Up From Journalism


In the past decade, television has become the most valued source of news by the American public. The tabloid journalism of television news—with its emphasis on story line, conflict, and "kicker" at the end—usually results in the mindless melodrama in which television—and certain "new" journalists—excel. At the same time, television's on-the-spot accounts of daily events have made it the "most believable" source of news, according to one Elmo Roper poll. So the news, while distorted, is also believed, which astonishes many in the newspaper business. By the broadcasters' own estimate, news disseminated on an average half-hour television program would not fill the front page of most daily newspapers. What is the attraction?

The attraction is that television news programs provide a service to the news consumer—capsulization. They offer the amount and kind of information that most people think they need to get by on a daily basis (ignoring, for a minute, the distortions). Television capsulizes the daily, ongoing—and usually governmental—doings of society, and is supplying a market for which it is best suited. Says one television news producer: "The audience at dinner time wants to know the answers to three very important questions: Is the world safe? Is my hometown and my home safe? If my wife and children are safe, then what has happened in the past 24 hours to make them better off or to amuse them?" This is an audience constantly interrupted by "clattering dinner dishes, chattering dinner conversation and diminishing fatigue of a day at the office," he says. Television evening news "is not the highest form of journalism. It is partly an illustrated headline service and partly a magazine. And yes, it is part show business…It also offers a daily news summary which is effective in providing a shorthand version of shorthand, incomplete events. The important point is that, for the moment, this is all the average person needs to know about daily events.

Newspapers are, for the most part, anachronisms: editors continue to fight for this same consumer of news which television reaches so effectively. A newspaper is a different medium than television. The printed word is not an image, gone in an instant, and the newspaper is not a television tube, demanding attention at a given time for its soap opera version of "new" journalism. But most newspaper editors continue to chase after the day's trivia, gossip, government-inspired press release or pressure group's brief, when such a policy, noncredible to begin with, has now also become outmoded. The message is killing the medium, which illustrates former editor Gerald Johnson's rule: "To use any implement for a purpose to which it is not adapted is more likely to ruin the implement than to effect the purpose."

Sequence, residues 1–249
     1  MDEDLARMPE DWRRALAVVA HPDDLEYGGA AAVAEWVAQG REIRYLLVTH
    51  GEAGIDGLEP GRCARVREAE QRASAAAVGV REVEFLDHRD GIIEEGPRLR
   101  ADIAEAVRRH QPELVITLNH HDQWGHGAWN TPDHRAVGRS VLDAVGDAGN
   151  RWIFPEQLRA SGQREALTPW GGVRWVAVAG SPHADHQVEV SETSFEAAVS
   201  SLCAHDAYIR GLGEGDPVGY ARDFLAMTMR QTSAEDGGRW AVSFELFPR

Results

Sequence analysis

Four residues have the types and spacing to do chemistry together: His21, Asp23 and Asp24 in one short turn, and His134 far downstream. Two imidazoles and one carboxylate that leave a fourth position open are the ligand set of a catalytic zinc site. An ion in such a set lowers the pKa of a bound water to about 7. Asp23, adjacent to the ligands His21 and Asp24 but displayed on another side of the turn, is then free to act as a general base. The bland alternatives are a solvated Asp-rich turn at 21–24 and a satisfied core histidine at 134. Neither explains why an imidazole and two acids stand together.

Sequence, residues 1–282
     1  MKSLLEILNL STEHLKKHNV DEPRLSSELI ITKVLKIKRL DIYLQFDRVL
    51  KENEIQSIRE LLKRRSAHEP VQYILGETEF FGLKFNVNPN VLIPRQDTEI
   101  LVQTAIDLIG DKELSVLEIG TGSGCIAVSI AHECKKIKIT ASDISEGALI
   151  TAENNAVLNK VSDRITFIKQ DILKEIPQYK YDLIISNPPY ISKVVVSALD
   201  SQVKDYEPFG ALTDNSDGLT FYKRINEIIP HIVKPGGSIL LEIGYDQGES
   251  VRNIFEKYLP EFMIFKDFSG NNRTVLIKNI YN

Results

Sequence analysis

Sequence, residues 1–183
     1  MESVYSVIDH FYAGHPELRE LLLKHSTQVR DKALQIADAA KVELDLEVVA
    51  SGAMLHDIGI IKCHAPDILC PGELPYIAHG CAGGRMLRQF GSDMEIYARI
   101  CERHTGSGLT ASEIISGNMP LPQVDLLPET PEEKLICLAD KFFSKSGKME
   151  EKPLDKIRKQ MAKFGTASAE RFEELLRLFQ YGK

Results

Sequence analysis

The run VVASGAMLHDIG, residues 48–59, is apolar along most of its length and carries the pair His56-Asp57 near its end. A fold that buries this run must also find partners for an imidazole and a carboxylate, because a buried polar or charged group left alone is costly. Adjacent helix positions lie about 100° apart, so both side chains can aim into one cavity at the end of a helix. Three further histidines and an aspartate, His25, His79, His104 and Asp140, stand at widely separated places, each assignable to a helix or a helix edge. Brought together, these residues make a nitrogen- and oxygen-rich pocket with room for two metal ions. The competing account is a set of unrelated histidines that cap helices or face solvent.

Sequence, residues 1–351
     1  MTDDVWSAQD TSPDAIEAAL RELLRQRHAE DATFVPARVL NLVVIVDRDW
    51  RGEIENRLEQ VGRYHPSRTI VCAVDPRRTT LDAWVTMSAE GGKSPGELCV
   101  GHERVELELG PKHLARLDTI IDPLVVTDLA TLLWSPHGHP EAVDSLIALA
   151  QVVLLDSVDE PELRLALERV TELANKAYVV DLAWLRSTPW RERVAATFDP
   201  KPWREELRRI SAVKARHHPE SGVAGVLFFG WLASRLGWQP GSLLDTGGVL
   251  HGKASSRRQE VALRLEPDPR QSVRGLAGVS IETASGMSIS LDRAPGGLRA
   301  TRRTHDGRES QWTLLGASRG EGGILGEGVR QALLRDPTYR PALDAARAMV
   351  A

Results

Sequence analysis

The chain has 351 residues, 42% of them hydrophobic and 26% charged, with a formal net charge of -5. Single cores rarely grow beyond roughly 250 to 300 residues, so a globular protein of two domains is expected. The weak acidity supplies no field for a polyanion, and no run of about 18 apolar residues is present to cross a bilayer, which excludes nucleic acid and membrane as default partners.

A large part of the problem is a mystique about journalism which hampers any rational consideration of a journalist's product: news. This mystique holds that news is an indispensable commodity, the "first tribal need after warmth, food and women" (Kipling), and that the newspaper business is basic to a community's well being. The mystique extends to a newspaper's operation, which is usually described as if in the hands of history and beyond man's control. "The newspaper, like the modern city, is not wholly a rational product," wrote sociologist Robert E. Park. "No one sought to make it just what it is. In spite of all the efforts of individual men and generations of men to control it and make it something after their own heart, it has continued to grow and change in its own incalculable ways."

In fact, newspapers are not essentially different from other producer-consumer enterprises, all run by and for mortals. Newspapers change partly because the times change, but mostly because editors and publishers choose to change them, and it is this factor of free will that is usually absent from historical treatments of the newspaper business, as well as from current critiques.

Presently, there are two basic approaches to the news business, and by far the most dominant one is that of the NEW YORK TIMES. The minority approach—virtually a minority of one—is that of the WALL STREET JOURNAL. Perhaps the best way to understand the difference is to examine each newspaper's treatment of a randomly-picked (December 6, 1972) news day. The major page-one stories, with several lead paragraphs, for both newspapers' December 6, 1972 editions are listed below:

NEW YORK TIMES: 1. Impending Apollo 17 liftoff ["Apollo 17, the nation's last planned flight to the moon for years to come, was declared ready today for its fiery nighttime launching…"] 2. Vietnam peace talk developments ["Well-placed Administration officials report that Henry A. Kissinger is raising questions with North Vietnamese negotiators in Paris about intelligence reports showing that Hanoi, after a cease-fire, intends to hide much of its army in South Vietnam in Vietcong units."] 3. City bond sale ["New York City sold long-term bonds yesterday at the most favorable terms since 1965…"] 4. Supreme Court ruling on night club sex shows. 5. Appeals court ruling on automobile air bags. 6. End to Australia's military draft. 7. U.S.-Cuba air hijack discussions. 8. Governor Rockefeller urged to enter rail strike negotiations. 9. Prisoner-of-war wives feature.